17-Year Old Harlequin Duck Identified in Glacier
Contact: Denise Germann, 406-888-5838
Contact: Jennifer Lutman, 406-888-7895
WEST GLACIER, MONT. – A male harlequin duck, known to be at least 17 years-old, was recently identified in Glacier National Park by University of Montana researchers and Glacier National Park scientists. The banded duck is believed to be the third oldest on record. The oldest known banded harlequin duck has a recorded age of 18 years and 10 months.
"Prior to these findings, harlequin ducks were reported to live up to only 10 years of age, which makes this finding a positive indicator of the health and longevity of harlequin breeding populations in Glacier National Park," said Lisa Bate, Glacier National Park biological science technician. "Research indicates harlequin ducks mate for life unless something happens to one member of the pair. This old male has returned the last three years with the same female."
In 2011, a study of harlequin ducks on Upper McDonald Creek was initiated by Glacier National Park in cooperation with researchers from the University of Montana. Researchers use radio-telemetry and banding to learn more about the location of harlequin nests and factors affecting offspring survival. Upper McDonald Creek is considered an important breeding stream for harlequin ducks, comprising 25% of known broods produced in Montana. The area also has the highest density of breeding harlequins in the lower 48 states. Glacier National Park has approximately 40 pairs of harlequins in the park.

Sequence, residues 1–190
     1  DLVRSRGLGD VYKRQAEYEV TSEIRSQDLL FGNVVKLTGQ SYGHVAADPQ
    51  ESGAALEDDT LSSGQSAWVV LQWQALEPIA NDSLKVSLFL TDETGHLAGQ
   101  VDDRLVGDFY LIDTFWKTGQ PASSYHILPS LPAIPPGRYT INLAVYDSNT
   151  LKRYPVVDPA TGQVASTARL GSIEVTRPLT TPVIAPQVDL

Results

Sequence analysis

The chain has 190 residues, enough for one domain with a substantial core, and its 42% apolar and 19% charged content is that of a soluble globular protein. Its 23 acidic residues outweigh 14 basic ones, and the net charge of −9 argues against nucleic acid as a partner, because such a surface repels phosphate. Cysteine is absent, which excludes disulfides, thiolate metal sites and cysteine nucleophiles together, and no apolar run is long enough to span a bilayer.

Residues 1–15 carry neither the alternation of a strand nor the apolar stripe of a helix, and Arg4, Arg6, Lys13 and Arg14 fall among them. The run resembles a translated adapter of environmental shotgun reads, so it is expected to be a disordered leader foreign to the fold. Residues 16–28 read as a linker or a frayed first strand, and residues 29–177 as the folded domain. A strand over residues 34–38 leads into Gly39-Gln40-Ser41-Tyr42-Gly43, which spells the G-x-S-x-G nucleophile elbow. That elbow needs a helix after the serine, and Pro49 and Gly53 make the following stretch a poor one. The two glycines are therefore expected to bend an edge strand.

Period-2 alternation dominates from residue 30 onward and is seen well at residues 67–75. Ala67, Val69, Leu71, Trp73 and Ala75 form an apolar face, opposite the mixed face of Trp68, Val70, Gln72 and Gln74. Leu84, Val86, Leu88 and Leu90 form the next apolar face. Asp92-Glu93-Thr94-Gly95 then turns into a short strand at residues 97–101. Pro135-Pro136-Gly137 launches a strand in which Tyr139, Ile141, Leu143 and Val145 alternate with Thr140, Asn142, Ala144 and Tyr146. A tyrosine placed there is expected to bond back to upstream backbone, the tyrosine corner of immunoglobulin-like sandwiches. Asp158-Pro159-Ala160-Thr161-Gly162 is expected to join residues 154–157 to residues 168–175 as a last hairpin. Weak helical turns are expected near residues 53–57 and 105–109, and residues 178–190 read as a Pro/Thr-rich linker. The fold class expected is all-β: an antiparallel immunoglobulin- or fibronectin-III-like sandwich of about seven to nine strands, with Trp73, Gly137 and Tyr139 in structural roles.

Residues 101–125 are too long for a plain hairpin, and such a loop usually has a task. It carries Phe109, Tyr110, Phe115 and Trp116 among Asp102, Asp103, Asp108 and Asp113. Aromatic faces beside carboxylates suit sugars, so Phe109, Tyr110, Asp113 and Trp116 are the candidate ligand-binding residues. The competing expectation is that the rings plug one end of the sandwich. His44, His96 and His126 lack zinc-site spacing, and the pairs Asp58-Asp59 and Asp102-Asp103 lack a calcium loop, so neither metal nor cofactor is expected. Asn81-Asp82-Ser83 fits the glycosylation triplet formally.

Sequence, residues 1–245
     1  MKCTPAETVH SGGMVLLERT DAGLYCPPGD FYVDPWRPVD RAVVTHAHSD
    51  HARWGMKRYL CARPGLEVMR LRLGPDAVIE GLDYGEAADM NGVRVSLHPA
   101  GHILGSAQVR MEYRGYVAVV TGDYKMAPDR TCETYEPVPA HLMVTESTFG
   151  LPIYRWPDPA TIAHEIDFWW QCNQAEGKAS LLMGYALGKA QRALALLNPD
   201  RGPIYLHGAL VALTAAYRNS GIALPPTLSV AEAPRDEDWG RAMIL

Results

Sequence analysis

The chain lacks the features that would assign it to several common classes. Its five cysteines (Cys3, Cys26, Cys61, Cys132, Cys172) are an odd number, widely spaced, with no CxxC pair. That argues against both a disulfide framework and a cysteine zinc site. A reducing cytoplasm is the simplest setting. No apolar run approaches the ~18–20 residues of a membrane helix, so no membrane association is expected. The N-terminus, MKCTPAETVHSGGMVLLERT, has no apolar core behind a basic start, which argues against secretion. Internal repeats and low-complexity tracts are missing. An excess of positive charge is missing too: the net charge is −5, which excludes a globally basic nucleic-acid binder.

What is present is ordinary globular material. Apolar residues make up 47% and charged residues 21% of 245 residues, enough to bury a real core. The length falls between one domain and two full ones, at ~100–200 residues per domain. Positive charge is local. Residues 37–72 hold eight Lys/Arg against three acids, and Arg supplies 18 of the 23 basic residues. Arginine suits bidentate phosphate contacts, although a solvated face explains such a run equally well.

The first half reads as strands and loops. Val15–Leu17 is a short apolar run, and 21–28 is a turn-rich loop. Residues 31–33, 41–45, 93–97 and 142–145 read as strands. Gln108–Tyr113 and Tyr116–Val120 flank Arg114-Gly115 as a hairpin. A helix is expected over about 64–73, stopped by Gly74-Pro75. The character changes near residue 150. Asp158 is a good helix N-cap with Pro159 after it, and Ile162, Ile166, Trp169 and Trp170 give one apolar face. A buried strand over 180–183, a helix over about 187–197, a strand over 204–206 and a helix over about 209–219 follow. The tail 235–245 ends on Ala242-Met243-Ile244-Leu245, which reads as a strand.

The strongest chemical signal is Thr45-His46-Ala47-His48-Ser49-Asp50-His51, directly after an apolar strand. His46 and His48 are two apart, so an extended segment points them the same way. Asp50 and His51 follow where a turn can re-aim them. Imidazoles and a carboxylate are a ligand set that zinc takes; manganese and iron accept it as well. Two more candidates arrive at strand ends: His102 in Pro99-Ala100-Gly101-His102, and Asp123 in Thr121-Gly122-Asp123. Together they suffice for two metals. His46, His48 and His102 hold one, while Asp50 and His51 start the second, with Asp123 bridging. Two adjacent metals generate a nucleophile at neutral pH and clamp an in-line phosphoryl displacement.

Harlequins are small sea ducks that spend most of their lives along the coastal waters of North America. Male harlequins are slate blue with bold white, black, and chestnut highlights. They are often referred to as "clown ducks" for their unique coloring and markings. Female harlequins are brown and gray which allows them to blend into their surrounding while they sit on their nests for 28 days.
Each spring, harlequins migrate inland to breed and raise their young along fast-moving, freshwater streams. They are considered to be more strictly confined to running water than any other waterfowl species breeding in the Northern Hemisphere. Harlequins are slow to mature, sensitive to human disturbance and vulnerable to climate change because they select nest sites close to the water's edge. Female harlequins only breed on the streams where they were born, making the integrity of breeding sites especially important to maintain populations. The state of Montana lists harlequin ducks as a species of special concern.
Visitors are reminded to view all wildlife at a distance and not disturb wildlife in any way. Visitors are also encouraged to report to the park any observance of harlequin ducks on streams in the park other than Upper McDonald Creek. The park can be contacted at 406-888-7800.
While the harlequin duck study within Glacier National Park will conclude this fall, scientists throughout North America will continue to survey and collect information from banded harlequins. A University of Montana graduate student is expected to publish a thesis regarding the park study near the end of this year.
This project was funded by the Federal Highway Administration, University of Montana, grants provided through the National Park Service Rocky Mountains Cooperative Ecosystem Studies Unit, and Glacier National Park Conservancy.
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Did You Know?
Did you know that in 1932, Glacier National Park and Waterton Lakes National Park became the world’s first International Peace Park due to the good work between the two nation’s rotary clubs?